Feinstein/Boxer drought-relief proposal already carried out

Feinstein/Boxer drought-relief proposal already carried out


On Feb. 11, 25 days after Gov. Jerry Brown declared an official drought, California Sens. Dianne Feinstein and Barbara Boxer introduced a drought-relief bill. Senate Bill 216, ” The California Emergency Drought Relief Act of 2014,” was introduced concurrently with President Barack Obama’s visit to the Central Valley to survey the devastation from a foreseeable — but unplanned for — severe drought.

Four members of California’s congressional delegation — Rep. George Martinez, D-Martinez; Rep. Mike Thompson, D-St. Helena; Rep. Anna Eshoo, D-Palo Alto; and Rep. Jerry McNerney, D-Stockton — called Feinstein’s and Boxer’s bill a “huge improvement from the disingenuous” GOP bill released three weeks earlier by Rep. Devin Nunes, R-Tulare. Nunes’ bill is House Resolution 3964, “The Sacramento-San Joaquin Valley Emergency Water Delivery Act.”

A key provision in the Feinstein-Boxer drought relief bill is that it “provides operational flexibility to increase water supplies and primes federal agencies to make the best use of any additional rain,” said Feinstein. By flexibility, Feinstein was referring to a provision in her bill requiring federal water agencies to keep open the Delta Cross Channel Gates to prevent saltwater intrusion into the Sacramento Delta. The Cross Channel was built in 1951 near the city of Walnut Grove to allow the transfer of fresh water into the Delta. If enough fresh water was not released into the Delta during the drought, then California’s drinking water supplies would be reduced even further by failure to repel salt water.

Channel ‘flexibility’ already led to its opening

Cross-Channel-Gates-Area-w-FlowState Water Resources Director Mark Cowin explained in a video on Jan. 31 that the gates on the Delta Cross Channel are normally closed at this time of year to keep salmon from entering the Delta. So one of the reasons that California’s Central Valley hasn’t been getting enough water routed through the Delta is closing upstream gates to protect salmon. But this year salmon have to be compromised to protect drinking water supplies.

The pending Delta Cross Channel gate opening will comprise a release of 300,000 acre-feet of water. That is about as much water as Castaic Lake north of Los Angeles holds.

However, Cowin announced the opening of the Delta Cross Channel back on Jan. 31 in a videotaped announcement. In other words, the key “operational flexibility” promised in Feinstein and Boxer’s drought relief bill was already underway without the bill having to be approved by Congress and the president. Feinstein and Boxer should be given credit for not dallying to open the Delta Cross Channel gates, given the severity of the drought. But it is “disingenuous” to claim their bill would need to be passed to authorize such flexibility.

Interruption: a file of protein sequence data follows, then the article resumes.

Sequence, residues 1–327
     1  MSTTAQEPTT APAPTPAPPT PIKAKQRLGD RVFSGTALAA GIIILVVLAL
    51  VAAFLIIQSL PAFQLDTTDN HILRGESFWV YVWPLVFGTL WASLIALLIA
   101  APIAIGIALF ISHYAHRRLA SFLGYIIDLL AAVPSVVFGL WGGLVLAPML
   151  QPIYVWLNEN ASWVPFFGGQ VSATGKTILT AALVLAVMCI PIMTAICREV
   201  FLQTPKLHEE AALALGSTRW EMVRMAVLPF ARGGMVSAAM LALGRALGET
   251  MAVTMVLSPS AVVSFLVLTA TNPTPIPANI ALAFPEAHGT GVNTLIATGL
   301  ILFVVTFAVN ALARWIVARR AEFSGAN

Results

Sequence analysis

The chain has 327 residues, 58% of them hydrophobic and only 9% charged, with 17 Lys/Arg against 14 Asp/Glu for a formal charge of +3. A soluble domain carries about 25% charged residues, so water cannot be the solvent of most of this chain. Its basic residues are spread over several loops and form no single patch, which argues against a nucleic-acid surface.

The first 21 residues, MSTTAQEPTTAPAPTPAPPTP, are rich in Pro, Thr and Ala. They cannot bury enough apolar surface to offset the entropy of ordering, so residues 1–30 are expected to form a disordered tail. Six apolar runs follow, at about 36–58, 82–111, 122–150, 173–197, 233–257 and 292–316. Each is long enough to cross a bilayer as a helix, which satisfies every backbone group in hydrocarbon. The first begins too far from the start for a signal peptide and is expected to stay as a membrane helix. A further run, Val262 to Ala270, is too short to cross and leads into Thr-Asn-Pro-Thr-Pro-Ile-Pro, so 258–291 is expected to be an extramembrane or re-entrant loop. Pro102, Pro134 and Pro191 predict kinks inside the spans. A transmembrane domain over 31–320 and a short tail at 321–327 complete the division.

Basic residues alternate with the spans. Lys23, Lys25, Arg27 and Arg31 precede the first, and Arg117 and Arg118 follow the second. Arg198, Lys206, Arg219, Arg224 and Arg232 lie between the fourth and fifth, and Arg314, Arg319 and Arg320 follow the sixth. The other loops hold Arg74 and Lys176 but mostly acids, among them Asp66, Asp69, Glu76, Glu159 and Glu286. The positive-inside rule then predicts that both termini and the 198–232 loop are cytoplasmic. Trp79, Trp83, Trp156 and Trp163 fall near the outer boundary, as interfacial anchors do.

One of the key differences in the Feinstein-Boxer drought bill and Nunes’ is that Nunes’ bill provides for two new water storage reservoirs to be built. Conversely, the Feinstein-Boxer bill doesn’t promise any new water but mere “flexibility” in managing water. The Nunes’ bill provides for new water while the Feinstein-Boxer bill does not. According to Cowin, what California needs is storage in advance of a drought more than flexibility after its onset.

Learning from history in preparing for drought

In his Jan. 31 video announcement, Cowin explained that California learned the hard way not to delay in taking aggressive action as early as possible to lessen the long-term negative effects of a drought. Cowin said that in the second year of the 1976-1977 severe drought California set aside 1 million acre feet of water (enough for 6 million to 12 million people) that reduced the impacts of the drought. But in 1976, the drought impacts were severe because no additional water was set-aside for a major drought ahead of time.

REU CALIFORNIA/DROUGHT.jpgStated differently, California failed to store enough water going into the second year of this drought (2013) to prepare for a third consecutive dry year. In 2012, about 800,000 acre-feet of water were allowed to flow to the ocean through the San Joaquin River to protect fish flows. And in 2013, 453,000 acre-feet of water were released from Trinity Lake, north of the Delta, to protect fish flows for Indian Tribes and sports fishermen.

There is no “flexibility” of storing environmental water for the next year to plan for a drought. Court rulings and agency mandates require annual release of water for wildlife refuges. Since 1990, 58 percent of Central Valley agricultural water has been diverted to wildlife refuges. In other words, environmental diversions of water made it impossible to put aside enough water to plan for a drought in advance, as Cowin said is required.

Water storage facilities never built

Another contributing factor to the current drought is the failure to build out replacement water storage facilities for farmers after their water was diverted to wildlife refuges. The San Joaquin River Restoration Act of 2009 collected $102 million from farmers in higher water rates for replacement water storage facilities that were never built. Congress allocated $88 million for planning activities to restore fish flows in the river. The “planning” funds were not spent on pre-drought planning but on studies and transporting fish by tanker trucks across a 60-mile dry gap in the San Joaquin River. Now there isn’t enough water for farmers or fish.

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